The Ministry of Foreign Affairs (MOFA) yesterday said it is closely following developments in Tuvalu after the election of a new prime minister, Kausea Natano, sparking concern that Taiwan might face another diplomatic crisis.
Tuvalu is one of the nation’s 16 remaining allies after the Solomon Islands switched diplomatic recognition to Beijing on Monday, ending 36 years of official ties.
Natano yesterday received 10 of 16 votes from the Tuvaluan parliament to replace Enele Sopoaga.
Photo: Chou Hsiang-yun, Taipei Times
The power change in Tuvalu “could give Beijing an opportunity to further isolate Taiwan,” a Reuters report said yesterday, citing analysts in the region.
The surprise change has lengthened the shadow over Taiwan’s standing in the South Pacific, the report said.
However, Ambassador to Tuvalu Marc Su (蘇仁崇) expressed confidence in Tuvalu, saying that Beijing had little influence in the Pacific nation after an unsuccessful attempt to court it just over a decade ago.
Photocopied by Peng Wan-hsin, Taipei Times
“You can feel they are trying to attract our diplomatic allies in every possible way,” Su told Reuters.
“This country is OK — there won’t be any effect,” Su said, adding that Taiwan had good relationships in Tuvalu from “grassroots to top level.”
Taiwan is to contribute US$7.06 million to Tuvalu’s budget for this year, according to budget documents, the report said.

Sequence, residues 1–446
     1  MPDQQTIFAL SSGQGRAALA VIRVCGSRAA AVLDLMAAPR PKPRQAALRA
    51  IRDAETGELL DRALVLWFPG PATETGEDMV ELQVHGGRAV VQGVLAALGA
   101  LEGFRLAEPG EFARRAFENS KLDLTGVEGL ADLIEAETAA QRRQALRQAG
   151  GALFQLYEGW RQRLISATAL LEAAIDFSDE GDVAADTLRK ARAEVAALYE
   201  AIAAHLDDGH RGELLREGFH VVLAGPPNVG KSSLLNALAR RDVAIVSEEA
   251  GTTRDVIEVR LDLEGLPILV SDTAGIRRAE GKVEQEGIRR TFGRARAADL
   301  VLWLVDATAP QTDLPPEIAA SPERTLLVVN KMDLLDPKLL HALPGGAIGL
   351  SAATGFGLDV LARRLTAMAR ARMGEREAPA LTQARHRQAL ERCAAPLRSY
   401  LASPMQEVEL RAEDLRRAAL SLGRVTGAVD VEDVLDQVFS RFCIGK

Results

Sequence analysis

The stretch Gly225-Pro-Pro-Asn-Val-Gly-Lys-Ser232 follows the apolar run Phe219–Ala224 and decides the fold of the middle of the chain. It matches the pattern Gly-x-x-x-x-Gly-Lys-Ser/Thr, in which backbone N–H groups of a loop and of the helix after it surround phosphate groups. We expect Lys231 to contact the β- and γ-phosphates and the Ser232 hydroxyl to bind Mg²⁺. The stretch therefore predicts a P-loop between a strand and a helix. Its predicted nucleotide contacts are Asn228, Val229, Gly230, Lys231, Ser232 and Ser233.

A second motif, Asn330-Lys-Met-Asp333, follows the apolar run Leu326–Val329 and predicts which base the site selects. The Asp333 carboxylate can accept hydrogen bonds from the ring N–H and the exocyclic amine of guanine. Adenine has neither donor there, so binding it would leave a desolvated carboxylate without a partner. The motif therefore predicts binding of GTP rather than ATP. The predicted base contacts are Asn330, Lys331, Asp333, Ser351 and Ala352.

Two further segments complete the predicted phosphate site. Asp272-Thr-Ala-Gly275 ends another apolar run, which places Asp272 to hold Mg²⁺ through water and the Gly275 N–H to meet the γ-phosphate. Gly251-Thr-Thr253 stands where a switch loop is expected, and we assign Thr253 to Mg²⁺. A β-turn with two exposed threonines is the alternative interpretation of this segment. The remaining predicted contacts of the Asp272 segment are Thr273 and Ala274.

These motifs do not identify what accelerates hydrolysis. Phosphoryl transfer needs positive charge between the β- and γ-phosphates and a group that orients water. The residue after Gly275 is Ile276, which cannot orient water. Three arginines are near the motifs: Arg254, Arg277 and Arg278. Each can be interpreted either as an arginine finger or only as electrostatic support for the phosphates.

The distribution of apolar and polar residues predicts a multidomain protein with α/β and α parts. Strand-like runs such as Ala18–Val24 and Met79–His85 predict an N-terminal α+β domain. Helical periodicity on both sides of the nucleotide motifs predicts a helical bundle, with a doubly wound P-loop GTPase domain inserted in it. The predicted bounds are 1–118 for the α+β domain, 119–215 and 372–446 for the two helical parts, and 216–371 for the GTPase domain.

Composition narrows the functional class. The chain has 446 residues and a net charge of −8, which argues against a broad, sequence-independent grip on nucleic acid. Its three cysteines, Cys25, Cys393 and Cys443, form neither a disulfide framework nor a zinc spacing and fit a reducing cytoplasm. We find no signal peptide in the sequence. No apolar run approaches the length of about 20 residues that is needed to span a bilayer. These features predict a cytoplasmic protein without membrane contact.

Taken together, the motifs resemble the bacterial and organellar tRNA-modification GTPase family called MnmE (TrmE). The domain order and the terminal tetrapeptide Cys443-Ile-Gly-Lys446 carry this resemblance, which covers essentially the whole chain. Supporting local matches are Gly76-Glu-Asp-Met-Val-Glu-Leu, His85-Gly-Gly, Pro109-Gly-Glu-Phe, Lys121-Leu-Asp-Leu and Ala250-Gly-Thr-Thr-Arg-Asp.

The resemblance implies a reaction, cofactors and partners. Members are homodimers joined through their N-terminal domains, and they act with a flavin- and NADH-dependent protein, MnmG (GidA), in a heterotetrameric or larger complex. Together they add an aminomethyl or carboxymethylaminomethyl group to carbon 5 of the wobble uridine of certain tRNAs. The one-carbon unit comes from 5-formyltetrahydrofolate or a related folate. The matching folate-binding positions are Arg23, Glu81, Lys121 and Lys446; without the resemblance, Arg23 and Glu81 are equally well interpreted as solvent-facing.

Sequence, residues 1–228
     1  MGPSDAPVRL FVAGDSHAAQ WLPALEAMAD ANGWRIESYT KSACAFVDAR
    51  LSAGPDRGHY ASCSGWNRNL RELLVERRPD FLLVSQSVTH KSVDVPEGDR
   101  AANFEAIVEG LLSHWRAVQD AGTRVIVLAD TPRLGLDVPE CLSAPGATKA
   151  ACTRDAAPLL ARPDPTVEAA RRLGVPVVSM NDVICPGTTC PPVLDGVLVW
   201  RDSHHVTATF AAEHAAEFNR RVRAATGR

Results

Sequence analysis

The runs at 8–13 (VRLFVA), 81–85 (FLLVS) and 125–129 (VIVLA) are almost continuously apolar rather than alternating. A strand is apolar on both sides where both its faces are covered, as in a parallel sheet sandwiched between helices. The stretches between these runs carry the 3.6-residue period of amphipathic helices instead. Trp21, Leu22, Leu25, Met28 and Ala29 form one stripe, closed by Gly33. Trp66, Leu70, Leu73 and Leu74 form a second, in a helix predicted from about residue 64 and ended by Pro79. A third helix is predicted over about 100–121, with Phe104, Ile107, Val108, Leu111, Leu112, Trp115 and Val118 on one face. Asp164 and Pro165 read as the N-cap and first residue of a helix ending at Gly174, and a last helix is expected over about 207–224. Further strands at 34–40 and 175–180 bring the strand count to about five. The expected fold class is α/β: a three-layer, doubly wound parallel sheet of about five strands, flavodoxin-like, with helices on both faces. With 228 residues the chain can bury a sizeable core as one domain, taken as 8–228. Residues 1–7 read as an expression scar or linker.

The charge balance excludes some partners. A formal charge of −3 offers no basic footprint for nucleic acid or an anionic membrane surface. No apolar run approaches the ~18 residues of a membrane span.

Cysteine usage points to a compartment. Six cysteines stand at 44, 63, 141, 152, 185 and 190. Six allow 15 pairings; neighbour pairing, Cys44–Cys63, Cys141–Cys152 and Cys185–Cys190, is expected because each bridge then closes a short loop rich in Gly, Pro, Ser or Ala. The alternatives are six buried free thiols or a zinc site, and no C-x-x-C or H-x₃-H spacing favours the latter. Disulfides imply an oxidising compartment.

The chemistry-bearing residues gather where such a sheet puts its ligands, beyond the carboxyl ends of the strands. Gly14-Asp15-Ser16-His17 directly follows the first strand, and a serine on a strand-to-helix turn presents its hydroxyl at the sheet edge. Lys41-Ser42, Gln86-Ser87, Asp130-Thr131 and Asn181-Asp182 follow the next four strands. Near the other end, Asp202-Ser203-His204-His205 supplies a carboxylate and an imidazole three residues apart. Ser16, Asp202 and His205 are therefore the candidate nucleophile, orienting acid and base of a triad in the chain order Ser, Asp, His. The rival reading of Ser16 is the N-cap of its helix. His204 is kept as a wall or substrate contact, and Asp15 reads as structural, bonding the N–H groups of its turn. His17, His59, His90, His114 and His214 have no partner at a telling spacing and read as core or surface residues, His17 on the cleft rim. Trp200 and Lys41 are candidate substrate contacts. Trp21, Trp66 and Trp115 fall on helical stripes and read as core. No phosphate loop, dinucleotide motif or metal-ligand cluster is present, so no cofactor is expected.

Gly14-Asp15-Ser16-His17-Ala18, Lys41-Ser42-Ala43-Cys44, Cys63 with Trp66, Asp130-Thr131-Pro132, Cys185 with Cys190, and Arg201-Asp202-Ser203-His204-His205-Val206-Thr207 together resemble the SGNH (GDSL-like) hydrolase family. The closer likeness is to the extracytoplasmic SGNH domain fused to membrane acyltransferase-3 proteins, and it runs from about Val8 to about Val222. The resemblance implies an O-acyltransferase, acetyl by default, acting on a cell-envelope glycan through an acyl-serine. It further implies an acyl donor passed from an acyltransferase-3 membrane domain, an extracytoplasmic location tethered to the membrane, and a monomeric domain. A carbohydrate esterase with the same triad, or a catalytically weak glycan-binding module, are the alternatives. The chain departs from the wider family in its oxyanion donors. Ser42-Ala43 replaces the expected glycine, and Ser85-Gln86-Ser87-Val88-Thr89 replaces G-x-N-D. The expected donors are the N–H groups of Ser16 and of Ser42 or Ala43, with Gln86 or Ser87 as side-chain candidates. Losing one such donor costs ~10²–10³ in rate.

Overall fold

Diplomatic relations between Taiwan and Tuvalu are stable, and Natano has maintained “close contact” with the Republic of China embassy, the ministry said.
Since the Solomon Islands’ diplomatic switch, several US officials have also expressed their support for Taiwan.
“We have repeatedly expressed our concern over China’s actions to bully Taiwan through economic coercion, squeezing Taiwan’s international space, and poaching diplomatic partners,” US Assistant Secretary of State for East Asian and Pacific Affairs David Stilwell told a US Senate Committee on Foreign Relations hearing on Wednesday.
“These actions undermine the cross-strait status quo, which has created peace and benefited both sides of the [Taiwan] Strait for decades,” he said.
Committee Chairman James Risch, ranking member Bob Menendez and other committee members also expressed their support at the hearing.
The ministry yesterday thanked the US lawmakers, saying Taiwan would continue to be a responsible member of the international community.
In other developments, US President Donald Trump announced his appointment of US Special Presidential Envoy for Hostage Affairs Robert O’Brien as his new national security advisor.
“I have worked long & hard with Robert,” Trump wrote on Twitter on Wednesday.
“He will do a great job!” Trump added.
O’Brien visited Taiwan in May 2016 and his position is “very friendly” toward Taiwan, the ministry said.
Taiwan and the US have maintained “close and smooth communication,” and continue to deepen their cooperation in the areas of politics, economy and security, it said.
The ministry hopes to, on the basis of the current “friendly and stable” Taiwan-US relations, to continue to work with the US to strengthen their partnership, it added.
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